I just read this tragic story that was reported by Jill Stanek:
Late last week came the news that Planned Parenthood of Illinois, Northwestern Memorial Hospital, and Northwestern Medical Faculty Foundation have agreed to pay $2 million in a wrongful death settlement to the surviving young son of a woman who died after an abortion at a Chicago Planned Parenthood in 2012.
On July 20, 2012, 24-year-old Tonya Reaves, pictured right, died after a late-term abortion at Planned Parenthood’s Loop Health Center from uncontrolled bleeding, according to court documents.
When I read American stories like this, I always wonder about the abortion complication rates in Canada. I just assumed we didn’t have access to that data because accessing any kind of accurate abortion data in Canada is incredibly difficult. Next to impossible. Immensely frustrating.
So I found myself quite surprised yesterday when trolling Pat Maloney’s Run with Life blog. It turns out we do have some data on complication rates. This is probably old news for some of you, but I had no idea there was any data available. According to Pat’s analysis:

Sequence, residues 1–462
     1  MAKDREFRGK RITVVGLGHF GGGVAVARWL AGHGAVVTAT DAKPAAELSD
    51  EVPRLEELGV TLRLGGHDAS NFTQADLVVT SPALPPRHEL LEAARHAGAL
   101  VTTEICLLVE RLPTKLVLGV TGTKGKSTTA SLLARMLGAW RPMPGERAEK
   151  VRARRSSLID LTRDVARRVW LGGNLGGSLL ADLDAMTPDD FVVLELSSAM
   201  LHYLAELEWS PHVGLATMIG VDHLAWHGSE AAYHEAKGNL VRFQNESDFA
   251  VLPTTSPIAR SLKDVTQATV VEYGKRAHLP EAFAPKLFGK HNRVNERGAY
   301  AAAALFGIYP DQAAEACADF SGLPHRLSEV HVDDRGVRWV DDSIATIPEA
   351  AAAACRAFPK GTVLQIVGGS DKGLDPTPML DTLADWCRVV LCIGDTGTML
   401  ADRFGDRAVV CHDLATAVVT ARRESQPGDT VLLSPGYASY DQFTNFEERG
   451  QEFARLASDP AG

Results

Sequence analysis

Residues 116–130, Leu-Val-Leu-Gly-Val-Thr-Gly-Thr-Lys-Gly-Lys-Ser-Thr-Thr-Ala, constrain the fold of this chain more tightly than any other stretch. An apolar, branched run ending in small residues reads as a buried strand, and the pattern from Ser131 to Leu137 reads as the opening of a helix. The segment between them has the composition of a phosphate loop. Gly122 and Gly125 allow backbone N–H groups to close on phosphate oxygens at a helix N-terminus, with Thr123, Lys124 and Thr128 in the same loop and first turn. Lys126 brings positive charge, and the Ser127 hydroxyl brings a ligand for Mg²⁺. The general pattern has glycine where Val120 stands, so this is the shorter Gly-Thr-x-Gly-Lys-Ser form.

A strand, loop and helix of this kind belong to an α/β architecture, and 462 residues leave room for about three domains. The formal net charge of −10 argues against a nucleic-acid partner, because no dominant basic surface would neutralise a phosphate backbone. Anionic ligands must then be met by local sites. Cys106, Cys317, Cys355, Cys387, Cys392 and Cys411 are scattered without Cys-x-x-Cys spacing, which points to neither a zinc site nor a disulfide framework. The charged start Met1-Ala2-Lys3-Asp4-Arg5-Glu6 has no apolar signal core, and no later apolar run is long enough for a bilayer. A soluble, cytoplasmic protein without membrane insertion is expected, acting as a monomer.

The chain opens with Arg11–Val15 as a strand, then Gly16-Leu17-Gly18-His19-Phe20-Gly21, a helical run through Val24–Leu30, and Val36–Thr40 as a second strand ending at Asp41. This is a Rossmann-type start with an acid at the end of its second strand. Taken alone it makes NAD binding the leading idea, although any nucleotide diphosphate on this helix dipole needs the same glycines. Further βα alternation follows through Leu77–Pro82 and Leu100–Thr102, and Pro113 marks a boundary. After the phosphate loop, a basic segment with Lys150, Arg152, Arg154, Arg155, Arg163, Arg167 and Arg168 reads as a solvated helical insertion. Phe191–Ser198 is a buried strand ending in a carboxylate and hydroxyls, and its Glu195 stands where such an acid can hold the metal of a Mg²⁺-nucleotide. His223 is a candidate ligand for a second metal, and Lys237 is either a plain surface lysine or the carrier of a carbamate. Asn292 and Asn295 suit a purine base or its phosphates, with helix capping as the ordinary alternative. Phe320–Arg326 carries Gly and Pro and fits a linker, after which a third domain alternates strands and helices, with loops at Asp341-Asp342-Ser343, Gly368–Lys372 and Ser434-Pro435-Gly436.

We already know that–contrary to what abortion advocates like to tell us–abortion is already not safe. Many say that abortion complication rates are less than 1%. Yet Echo, an Ontario government “pro-choice” agency, informs us that complication rates for abortions are actually between 6.95% and7.70%.
The breakdown is available here:
On page 14, I refer the reader to: Table 7. Hospital Abortion Outcomes (2002/03 to 2008/09) for 98,483 abortions
The chart reveals short-term complication percentages (1), and they are not less than 1%.
In fact, 6.95% of the 96,859 women who had “same day” hospital abortions had complications (and were readmitted as inpatients: .91%; to same day surgery: .59% ; to the emergency department: 5.45%)
7.70% of 1,624 women who had “in patient” hospital abortions had complications (and were readmitted as inpatients: 1.91%; to same day surgery 1.05%; to the emergency department 4.74%).
To file away in your records.by